• Channels 1 to 8 Repeater receiving channels (Duplex Operation)
  • Channel 11 Call channel (Used to call up another station and then go to a clear channel of mutual choice)
  • Channel 5 & 35 Emergency channels only
  • Channel 31 to 38 Repeater input channels (Duplex Operation)
  • Channel 40 Road or ‘Truckies’” channel
  • Channels 9, 10, 12 to 30 and 39 are general use channels, (if no one’s talking on them already)

A repeater is a transceiver located at an approved high vantage point and used to extend vastly the range of the UHF CB radio.

Your radio has a button on it marked “Duplex.” When this is selected (refer operating handbook) and the radio is set to a repeater channel (1 to 8) and there is a repeating station that can hear your transmitted signal, you will be able to transmit through the repeater. While your radio is set say on channel 3 and you press the PTT (Press to talk) button, the radio automatically transmits on channel 33, and when you “let go the PTT” it receives on channel 3. This is the same for all the repeater channels. Try pressing the button and seeing if you can hear a repeater station “come back to you.” (Not on channel 5 thank you.) How will you know if you an access a repeater station? You will hear the repeater transmit a Morse code ident and there will be a “tail” follows the letting go of the PTT. That is you will hear a “carrier” on the radio coming back to you from the repeater station. What is a carrier? It’s just a means in which the message we transmit can be carried on. Pushing the PTT sends out a carrier……… when we talk through the mike we transmit intelligence (hopefully) that “modulates” the “carrier” and arrives at all the other receivers that are within radio operating range. Don’t forget that anyone that is within radio range can hear your conversation (it’s not like our good old cell phone) and especially over a repeater perhaps hundreds of people can hear you. No personal details please.

While UHF CB is more expensive than the sets operating down in the HF allocated CB Band, and compared to AM type receivers (not those which have SSB) the advantages are certainly a much clearer reception – a slightly more powerful transmitter, 5 Watts Carrier Power as opposed to 4 Watts for AM. For our purposes in the Caravan Club they are the way to go as they give excellent results over the distances we need on the road when travelling together in convoy or passing in opposite directions and exchanging information. They remain quiet and unobtrusive during your whole trip if operating on most of the channels that are not allocated, although when passing through towns or sometimes out in the country you may hear the occasional farmer on the channel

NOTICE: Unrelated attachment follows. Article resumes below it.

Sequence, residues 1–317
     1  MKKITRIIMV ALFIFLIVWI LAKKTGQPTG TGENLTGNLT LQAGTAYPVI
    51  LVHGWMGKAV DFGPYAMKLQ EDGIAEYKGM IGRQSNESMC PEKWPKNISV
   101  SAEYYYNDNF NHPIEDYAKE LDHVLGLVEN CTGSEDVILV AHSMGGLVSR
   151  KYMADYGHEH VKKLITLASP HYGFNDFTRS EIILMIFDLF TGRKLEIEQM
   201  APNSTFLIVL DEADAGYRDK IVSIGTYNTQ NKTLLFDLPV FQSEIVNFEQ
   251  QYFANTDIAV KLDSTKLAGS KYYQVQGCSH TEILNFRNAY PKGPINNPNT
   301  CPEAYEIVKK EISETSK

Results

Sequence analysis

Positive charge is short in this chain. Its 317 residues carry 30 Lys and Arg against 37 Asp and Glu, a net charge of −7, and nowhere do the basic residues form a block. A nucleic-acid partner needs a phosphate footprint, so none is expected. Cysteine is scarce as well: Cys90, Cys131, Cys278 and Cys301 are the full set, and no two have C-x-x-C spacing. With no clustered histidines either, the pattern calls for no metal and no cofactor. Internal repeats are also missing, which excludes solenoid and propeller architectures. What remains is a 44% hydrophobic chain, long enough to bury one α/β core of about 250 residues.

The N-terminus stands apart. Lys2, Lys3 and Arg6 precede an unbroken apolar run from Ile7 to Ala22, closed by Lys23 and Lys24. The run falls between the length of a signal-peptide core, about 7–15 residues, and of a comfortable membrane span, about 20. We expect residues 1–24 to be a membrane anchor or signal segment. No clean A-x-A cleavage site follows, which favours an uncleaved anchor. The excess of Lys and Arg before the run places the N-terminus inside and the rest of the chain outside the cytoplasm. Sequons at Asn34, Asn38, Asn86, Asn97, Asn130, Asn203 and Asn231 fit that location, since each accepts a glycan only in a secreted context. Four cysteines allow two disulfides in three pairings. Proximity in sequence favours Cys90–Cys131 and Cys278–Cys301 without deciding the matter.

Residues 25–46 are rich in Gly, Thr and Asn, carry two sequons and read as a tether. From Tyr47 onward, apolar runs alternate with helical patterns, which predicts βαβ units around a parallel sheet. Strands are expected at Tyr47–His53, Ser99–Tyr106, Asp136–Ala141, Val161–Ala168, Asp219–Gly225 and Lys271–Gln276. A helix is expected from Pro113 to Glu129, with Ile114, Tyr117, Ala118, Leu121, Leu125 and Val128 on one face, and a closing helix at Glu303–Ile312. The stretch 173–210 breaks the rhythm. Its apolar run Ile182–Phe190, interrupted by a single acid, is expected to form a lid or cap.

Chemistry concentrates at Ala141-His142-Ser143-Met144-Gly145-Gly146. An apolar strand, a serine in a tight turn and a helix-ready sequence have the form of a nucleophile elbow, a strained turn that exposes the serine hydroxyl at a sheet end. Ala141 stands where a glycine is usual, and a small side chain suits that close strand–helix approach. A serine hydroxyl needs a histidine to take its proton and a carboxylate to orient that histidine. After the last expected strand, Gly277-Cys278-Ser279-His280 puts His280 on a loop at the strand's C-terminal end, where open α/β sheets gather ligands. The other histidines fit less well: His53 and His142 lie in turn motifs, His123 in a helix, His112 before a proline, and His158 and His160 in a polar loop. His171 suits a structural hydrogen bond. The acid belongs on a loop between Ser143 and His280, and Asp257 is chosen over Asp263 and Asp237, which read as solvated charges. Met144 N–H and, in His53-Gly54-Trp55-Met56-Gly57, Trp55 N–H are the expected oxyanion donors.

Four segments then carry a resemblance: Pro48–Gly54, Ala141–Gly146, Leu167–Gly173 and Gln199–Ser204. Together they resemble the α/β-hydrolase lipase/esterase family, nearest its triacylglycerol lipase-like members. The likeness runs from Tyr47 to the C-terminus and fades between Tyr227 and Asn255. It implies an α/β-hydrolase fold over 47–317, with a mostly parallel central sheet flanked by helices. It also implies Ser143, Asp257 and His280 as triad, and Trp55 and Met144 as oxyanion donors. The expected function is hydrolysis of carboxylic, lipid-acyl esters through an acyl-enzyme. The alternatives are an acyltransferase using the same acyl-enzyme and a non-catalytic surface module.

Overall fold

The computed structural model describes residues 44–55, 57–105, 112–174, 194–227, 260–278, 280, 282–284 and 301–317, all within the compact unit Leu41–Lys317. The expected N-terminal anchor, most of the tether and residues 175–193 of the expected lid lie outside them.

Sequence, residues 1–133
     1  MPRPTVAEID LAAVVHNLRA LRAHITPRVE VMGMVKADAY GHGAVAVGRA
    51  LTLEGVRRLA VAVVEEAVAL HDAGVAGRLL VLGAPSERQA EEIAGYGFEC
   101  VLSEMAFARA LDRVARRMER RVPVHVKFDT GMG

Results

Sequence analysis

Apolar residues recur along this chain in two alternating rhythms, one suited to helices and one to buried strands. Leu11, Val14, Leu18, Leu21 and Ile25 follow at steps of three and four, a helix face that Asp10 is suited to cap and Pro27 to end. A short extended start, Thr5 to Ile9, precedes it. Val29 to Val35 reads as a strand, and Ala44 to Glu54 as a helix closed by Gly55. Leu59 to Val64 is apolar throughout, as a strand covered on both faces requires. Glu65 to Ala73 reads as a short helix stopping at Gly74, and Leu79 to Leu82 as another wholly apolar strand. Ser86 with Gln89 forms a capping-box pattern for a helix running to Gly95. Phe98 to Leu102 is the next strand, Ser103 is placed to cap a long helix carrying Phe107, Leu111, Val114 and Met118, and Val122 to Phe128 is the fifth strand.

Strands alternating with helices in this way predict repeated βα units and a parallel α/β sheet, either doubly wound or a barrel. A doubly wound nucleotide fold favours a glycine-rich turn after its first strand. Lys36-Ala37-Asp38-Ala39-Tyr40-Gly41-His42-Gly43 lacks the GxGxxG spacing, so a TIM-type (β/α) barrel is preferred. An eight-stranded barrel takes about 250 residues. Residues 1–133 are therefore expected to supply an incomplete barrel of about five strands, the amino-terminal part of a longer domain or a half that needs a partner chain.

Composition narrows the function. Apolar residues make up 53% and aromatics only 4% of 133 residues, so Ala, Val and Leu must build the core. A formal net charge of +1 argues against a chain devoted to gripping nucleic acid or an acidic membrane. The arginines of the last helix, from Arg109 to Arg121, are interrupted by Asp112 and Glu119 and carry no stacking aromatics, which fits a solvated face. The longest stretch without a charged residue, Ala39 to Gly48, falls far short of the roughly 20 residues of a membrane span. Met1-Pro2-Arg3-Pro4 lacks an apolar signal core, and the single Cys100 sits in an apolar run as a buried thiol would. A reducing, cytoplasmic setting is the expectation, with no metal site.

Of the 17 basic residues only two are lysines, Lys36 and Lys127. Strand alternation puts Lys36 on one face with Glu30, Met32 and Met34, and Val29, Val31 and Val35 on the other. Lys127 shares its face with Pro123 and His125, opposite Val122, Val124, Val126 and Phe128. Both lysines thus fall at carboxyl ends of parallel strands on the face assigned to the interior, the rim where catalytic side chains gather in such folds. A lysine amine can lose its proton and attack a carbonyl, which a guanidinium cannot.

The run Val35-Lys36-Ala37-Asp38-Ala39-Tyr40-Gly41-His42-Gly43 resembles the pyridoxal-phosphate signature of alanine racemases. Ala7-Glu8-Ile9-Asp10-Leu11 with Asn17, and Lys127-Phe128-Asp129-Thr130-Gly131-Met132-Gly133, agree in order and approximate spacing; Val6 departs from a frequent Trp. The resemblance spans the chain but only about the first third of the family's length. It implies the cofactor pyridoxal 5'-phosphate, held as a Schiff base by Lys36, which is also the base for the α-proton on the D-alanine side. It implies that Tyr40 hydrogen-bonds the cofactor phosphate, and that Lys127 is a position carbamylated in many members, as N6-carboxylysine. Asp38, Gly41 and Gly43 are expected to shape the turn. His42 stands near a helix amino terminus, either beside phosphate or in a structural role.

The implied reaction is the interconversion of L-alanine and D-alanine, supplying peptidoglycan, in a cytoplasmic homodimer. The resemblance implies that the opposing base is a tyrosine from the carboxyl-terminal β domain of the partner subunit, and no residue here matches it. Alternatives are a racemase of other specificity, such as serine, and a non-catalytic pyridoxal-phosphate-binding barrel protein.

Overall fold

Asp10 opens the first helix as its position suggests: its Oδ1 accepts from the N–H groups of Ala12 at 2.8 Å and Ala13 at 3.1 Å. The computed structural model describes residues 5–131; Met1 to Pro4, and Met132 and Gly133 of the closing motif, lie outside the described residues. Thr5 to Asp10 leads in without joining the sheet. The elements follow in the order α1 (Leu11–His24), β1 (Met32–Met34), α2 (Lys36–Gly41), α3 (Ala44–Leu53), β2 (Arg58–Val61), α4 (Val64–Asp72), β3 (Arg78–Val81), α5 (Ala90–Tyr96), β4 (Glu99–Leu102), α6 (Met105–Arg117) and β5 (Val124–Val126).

Most definitely NOT. The Australian Communications Authority decrees that no one owns any part of the Spectrum (as everything between Ultra Violet and Infra Red and beyond is called) and under Government Legislation and worldwide accords, the ACA administers the use of it and in fact certain commercial parts of the radio band are quite expensive to “rent.” We really are fortunate to have a share (at no cost) of this part of the spectrum.

When not going through a repeating station it generally depends upon the type of terrain you are located in. Let’s consider the Nullabor. Two vehicles operating say 5 to 8 kms apart will generally have little trouble communicating with each other. If say one vehicle is on the top of a rise it may well be able to communicate 25 kms. A general rule with UHF is “line of sight’. If you can see the terrain the other vehicle is located in you should be able to communicate. You don’t actually have to be able to see the vehicle. Under certain conditions you may be able to communicate a lot further. Some of the factors that will determine just how good a signal you can send or receive is dependent upon what type of antenna you have (a ‘gain’ antenna or just a ‘¼ wave’) and where it is located on the vehicle. Also how well the radio installation has been carried out will be a factor in signal strength. If transmitting through a repeating station the range of your communications is dramatically increased, depending upon the location of the station. For example a repeater station located at Roleystone will be capable of being accessed from just about all over Perth but don’t expect to communicate from within the “Polly Pipe”.